1.1 The Compressed Sensing Problem

    To state the problem mathematically precisely, let nowx = (xi)ni=1 ∈ Rn be our signal of interest. As prior information, we either assume thatx itself is sparse, i.e., it has very few non-zero coefficients in the sense that

    ‖x‖0 := #{i : xi 6= 0}

    is small, or that there exists an orthonormal basis or a frame1 Φ such thatx = Φc with c being sparse. For this, we letΦ be the matrix with the elements of the orthonormal basis or the frame as column vectors. In fact, a frame typically provides more flexibility than an orthonormal basis due to its redundancy and hence leads to improved sparsifying properties, hence in this setting customarily frames are more often employed than orthonormal bases. Sometimes the notion of sparsity is weakened, which we for now – before we will make this precise in Section 2 – will refer to asapproximately sparse. Further, letA be anm×n matrix, which is typically calledsensing matrixor measurement matrix. Throughout we will always assume thatm < n and thatA does not possess any zero columns, even if not explicitly mentioned.

    Then theCompressed Sensing Problemcan be formulated as follows: Recoverx from knowledge of

    y = Ax,

    or recoverc from knowledge of

    y = AΦc.

    In both cases, we face an underdetermined linear system of equations with sparsity as prior information about the vector to be recovered – we donot however know the support, since then the solution could be trivially obtained.

    This leads us to the following questions:

    • What are suitable signal and sparsity models? • How, when, and with how much accuracy can the signal be algorithmically recovered? • What are suitable sensing matrices?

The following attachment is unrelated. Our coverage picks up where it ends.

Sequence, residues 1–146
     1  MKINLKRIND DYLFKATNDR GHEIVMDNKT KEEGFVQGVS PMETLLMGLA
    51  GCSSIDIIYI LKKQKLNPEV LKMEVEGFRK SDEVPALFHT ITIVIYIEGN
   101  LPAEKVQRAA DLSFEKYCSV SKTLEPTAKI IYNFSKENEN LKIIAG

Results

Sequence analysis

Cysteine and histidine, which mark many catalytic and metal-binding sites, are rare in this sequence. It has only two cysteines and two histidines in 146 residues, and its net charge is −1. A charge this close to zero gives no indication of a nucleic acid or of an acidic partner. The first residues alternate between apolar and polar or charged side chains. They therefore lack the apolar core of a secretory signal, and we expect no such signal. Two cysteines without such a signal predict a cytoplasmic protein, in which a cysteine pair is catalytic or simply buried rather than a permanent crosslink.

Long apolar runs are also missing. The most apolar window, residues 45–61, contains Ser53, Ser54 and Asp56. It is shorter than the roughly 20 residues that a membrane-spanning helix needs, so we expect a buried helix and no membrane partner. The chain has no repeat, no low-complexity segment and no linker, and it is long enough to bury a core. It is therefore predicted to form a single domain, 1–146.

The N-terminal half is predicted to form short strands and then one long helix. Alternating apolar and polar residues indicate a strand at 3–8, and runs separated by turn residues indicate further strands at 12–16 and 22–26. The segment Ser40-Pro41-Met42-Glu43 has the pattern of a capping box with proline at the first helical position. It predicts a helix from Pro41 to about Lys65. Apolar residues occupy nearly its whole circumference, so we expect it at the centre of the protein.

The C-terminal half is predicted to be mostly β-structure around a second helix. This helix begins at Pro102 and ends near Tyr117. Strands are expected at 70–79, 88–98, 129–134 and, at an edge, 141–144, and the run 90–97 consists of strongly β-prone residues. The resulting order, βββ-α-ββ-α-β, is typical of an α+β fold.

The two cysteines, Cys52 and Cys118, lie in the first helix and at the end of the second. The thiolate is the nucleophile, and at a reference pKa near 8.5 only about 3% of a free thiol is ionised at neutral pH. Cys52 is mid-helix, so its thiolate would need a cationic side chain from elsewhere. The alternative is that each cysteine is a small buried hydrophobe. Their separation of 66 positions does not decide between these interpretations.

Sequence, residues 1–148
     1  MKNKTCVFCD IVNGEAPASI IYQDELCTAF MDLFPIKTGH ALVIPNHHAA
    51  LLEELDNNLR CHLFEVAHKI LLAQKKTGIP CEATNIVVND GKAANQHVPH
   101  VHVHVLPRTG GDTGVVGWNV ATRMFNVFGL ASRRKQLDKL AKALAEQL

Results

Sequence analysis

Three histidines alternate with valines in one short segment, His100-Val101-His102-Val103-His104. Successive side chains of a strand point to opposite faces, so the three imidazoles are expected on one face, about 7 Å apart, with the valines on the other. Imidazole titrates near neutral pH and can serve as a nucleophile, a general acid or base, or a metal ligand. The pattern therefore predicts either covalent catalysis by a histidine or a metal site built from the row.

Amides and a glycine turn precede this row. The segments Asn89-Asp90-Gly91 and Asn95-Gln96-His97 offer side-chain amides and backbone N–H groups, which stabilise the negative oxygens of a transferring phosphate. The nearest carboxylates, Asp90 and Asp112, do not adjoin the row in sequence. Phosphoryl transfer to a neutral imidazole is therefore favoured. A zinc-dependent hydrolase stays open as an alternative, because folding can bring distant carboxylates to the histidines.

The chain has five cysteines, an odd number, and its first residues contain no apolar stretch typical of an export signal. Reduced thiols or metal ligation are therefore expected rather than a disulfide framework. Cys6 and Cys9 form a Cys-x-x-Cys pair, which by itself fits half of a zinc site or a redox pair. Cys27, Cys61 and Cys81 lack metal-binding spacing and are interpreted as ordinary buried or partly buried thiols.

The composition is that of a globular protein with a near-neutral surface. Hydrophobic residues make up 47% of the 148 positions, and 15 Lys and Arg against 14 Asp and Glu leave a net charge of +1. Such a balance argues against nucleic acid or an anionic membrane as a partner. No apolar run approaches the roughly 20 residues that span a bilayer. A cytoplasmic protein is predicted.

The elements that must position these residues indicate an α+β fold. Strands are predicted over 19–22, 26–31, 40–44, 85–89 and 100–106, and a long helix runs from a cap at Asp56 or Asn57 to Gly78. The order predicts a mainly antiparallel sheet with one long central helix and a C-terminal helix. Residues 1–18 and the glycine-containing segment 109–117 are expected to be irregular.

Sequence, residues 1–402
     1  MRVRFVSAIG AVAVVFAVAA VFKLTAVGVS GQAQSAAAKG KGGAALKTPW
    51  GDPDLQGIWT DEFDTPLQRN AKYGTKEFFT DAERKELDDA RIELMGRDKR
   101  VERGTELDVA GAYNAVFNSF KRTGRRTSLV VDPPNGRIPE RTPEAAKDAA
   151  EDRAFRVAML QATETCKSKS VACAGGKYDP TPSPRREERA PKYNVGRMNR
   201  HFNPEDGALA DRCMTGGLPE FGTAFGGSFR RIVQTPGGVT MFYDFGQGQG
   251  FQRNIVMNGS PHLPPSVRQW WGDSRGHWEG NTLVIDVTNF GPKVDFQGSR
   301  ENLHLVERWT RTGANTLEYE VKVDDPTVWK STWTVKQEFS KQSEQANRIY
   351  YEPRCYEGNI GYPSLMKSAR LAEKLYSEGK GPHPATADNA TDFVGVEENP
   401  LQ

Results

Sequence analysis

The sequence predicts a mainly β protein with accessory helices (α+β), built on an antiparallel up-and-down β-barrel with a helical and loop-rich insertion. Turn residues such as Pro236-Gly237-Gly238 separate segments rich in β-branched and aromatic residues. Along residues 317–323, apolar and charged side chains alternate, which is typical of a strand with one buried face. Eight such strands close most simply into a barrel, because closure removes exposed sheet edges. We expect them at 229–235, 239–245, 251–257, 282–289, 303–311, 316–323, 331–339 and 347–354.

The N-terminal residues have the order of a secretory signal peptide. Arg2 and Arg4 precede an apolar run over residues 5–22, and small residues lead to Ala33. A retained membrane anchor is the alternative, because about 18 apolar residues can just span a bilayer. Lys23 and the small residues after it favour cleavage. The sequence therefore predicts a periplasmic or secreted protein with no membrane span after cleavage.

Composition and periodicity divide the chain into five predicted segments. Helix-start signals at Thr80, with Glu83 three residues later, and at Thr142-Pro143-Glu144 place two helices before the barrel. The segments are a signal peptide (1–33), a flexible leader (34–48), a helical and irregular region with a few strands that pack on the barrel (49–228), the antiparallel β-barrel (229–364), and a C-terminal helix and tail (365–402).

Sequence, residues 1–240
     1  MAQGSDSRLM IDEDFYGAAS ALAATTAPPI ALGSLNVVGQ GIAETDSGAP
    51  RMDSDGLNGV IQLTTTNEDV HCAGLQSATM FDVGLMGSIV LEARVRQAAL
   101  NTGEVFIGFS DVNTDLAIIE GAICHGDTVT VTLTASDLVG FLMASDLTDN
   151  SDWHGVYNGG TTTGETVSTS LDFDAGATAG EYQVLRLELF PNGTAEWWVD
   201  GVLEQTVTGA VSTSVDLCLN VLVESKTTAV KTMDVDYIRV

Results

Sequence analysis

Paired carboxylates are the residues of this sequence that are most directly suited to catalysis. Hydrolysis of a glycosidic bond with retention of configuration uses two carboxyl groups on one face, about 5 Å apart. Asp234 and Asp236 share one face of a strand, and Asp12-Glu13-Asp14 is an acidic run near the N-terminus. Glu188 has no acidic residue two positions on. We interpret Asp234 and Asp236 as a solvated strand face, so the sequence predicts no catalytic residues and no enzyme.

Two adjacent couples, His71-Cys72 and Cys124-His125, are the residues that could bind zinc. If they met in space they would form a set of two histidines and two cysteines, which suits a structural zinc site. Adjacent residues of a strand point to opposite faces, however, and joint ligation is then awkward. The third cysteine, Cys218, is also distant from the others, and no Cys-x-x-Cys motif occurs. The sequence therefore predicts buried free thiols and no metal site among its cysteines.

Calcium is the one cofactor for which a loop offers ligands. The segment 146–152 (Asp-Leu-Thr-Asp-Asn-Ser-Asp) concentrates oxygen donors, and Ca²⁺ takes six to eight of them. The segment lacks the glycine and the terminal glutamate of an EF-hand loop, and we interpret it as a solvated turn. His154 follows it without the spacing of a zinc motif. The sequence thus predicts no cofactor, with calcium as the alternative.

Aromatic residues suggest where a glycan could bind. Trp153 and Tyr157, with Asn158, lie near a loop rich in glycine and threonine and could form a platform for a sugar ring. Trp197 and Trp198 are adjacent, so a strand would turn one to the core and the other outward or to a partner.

In this section, we will discuss these questions briefly to build up intuition for the subsequent sections.

    1 Recall that aframe for a Hilbert spaceH is a system(ϕi)i∈I in H, for which there existframe bounds 0 < A ≤ B < ∞ such thatA‖x‖2

    2 ≤

    ∑ i∈I |〈x, ϕi〉|

    2 ≤ B‖x‖2 2

    for all x ∈ H. A tight frameallowsA = B. If A = B = 1 can be chosen,(ϕi)i∈I forms aParseval frame. For further information, we refer to [12].

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    1.2 Sparsity: A Reasonable Assumption?

    As a first consideration, one might question whether sparsity is indeed a reasonable assump- tion. Due to the complexity of real data certainly only a heuristic answer is possible.

    If a natural image is taken, it is well known that wavelets typically provide sparse approx- imations. This is illustrated in Figure 1, which shows a wavelet decomposition [50] of an exemplary image. It can clearly be seen that most coefficients are small in absolute value, indicated by a darker color.

    (a) (b)

    Fig. 1 (a) Mathematics building of TU Berlin (Photo by TU-Pressestelle); (b) Wavelet decomposition